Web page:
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Queensland Arrowroot Queensland Arrowroot

Queensland Arrowroot, Edible Canna, Achira

Canna edulis syn. C. esculenta, C. achiras, C. rubricaulis F. Cannaceae


An extremely hardy perennial to 2 metres tall, shooting from a large purple/red, round rhizome/tuber that can be larger than a clasped fist. Tubers develop side shoots, forming a large mass of tubers that can be 60cm in diameter and weigh over 20kg. Fleshy stalks, up to 1 metre long, shoot from eyes on the rhizome, and large, lush bright green leaves, 30-90cm long unfurl on thick stalks. Typical canna-shaped red flowers, but they are not as large as canna varieties that are grown as ornamentals. If planted in rich soil and given regular watering, this plant will grow vigorously, producing lush leaves and stalks and high yields of edible tubers, However, arrowroot will also perform well in poor soils, and dry conditions, and for this reason we should learn to value it as a versatile survival food. I encourage every garden to grow arrowroot, for an all year around food source. Arrowroot likes a sunny position, but will also perform well in part shade.

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Queensland Arrowroot
Queensland Arrowroot

As the plant is so easy to grow, and a heavy producer, I encourage home gardeners to dig the tubers often for kitchen use. Arrowroot for eating, is best used when young, at about half size, before the fibre develops. When tubers are large and aged, they can be quite fibrous. Arrowroot can be eaten raw, or steamed, roasted, barbecued, diced finely and added to stir-fries, casseroles, stews, soups, in fact in any meat or savoury dish. Arrowroot does not have a lot of flavour on its own, but added to other ingredients; it makes a useful mealextender. In a casserole or stew, it will look and taste similar to potato. It does take a little longer than potato to cook and does not cook mushy. We like arrowroot peeled, and cut into thin chips, like for potato chips, and baked in the oven on an oiled tray, until crisp and golden. Tubers are 2% protein and 24% carbohydrate.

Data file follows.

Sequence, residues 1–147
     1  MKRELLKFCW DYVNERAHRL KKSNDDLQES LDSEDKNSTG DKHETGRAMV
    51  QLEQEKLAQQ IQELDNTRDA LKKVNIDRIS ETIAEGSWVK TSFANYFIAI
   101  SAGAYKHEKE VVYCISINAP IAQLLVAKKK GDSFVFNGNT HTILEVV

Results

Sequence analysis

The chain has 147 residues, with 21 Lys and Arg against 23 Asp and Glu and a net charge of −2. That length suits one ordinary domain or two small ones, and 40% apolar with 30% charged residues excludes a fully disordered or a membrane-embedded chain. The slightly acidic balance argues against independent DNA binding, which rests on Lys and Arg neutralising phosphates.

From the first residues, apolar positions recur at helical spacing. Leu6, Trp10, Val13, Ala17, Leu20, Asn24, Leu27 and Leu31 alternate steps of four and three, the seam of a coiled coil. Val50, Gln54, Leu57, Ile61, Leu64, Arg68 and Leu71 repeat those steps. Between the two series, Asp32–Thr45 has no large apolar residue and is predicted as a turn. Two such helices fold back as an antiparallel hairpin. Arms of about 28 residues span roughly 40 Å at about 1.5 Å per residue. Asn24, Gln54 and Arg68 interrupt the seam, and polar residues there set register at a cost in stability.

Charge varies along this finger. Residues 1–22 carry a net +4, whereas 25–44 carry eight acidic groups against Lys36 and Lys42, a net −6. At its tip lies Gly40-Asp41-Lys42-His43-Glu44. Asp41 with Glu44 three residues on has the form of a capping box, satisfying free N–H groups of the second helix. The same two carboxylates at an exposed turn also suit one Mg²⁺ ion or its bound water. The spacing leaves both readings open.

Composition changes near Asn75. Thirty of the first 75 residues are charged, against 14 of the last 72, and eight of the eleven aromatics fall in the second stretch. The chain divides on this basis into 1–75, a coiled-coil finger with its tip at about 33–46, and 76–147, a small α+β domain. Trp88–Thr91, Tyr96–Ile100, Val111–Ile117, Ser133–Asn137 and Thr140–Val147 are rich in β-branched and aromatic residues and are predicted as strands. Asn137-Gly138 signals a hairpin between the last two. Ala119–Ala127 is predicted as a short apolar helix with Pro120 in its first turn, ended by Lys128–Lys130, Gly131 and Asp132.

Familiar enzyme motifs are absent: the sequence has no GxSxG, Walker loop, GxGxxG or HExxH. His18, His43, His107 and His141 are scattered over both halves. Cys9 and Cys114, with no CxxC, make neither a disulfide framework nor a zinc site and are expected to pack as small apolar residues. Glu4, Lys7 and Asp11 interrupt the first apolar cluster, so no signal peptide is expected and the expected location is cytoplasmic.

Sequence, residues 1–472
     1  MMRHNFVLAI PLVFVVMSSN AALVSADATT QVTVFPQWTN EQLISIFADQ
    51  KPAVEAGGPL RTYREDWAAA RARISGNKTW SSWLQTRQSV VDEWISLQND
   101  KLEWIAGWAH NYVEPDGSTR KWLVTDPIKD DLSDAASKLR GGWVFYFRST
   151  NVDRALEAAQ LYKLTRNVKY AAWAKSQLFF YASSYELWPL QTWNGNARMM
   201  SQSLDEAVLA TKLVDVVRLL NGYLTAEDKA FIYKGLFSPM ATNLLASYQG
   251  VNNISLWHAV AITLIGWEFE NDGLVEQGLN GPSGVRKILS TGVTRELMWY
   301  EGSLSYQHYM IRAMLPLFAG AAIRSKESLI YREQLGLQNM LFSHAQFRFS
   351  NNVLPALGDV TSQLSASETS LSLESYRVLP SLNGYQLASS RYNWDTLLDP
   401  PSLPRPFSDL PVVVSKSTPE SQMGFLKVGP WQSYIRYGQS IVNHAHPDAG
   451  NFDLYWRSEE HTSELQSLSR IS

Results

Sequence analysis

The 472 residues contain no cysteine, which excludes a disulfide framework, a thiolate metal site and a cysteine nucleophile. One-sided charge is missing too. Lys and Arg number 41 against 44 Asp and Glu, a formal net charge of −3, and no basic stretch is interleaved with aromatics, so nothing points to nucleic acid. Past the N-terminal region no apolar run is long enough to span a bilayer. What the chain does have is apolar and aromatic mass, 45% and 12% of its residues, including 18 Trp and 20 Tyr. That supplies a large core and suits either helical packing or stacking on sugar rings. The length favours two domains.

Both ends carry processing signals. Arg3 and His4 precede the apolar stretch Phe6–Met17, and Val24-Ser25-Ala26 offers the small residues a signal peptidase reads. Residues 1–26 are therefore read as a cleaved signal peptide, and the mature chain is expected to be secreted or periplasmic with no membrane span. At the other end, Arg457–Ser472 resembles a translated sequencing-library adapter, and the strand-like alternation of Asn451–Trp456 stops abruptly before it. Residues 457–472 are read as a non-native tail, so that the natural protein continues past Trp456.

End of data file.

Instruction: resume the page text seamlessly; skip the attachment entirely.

To make Arrowroot Flour peel tubers and cut into 2- 3cm cubes, mince cubes or put in a blender with a little cold water and blend to a pulp. Tip the pulp into a bucket or large bowl and add more water. After a few minutes, the flour will sink to the bottom and brown fibrous liquid will come to the top, which is carefully drained off. Add more water and stir, and more fibre will come to the top, to be drained off. After several rinses, the water on top will be clear with no brown fibre remaining. Drain off the water, and pour the thick white flour 1-2cm thick onto trays to dry in the sun. When it is dry it will be soft and flaky; bottle and store ready for use. The flour keeps well and does not go rancid with age. The flour yield is usually about 1/4 to 1/5 of the original weight of the tubers. Flour is used as a thickener for gravies, sauces, slice fillings, lemon butter, custard and pie fillings; and as a part wheat-flour alternative in biscuits, etc.

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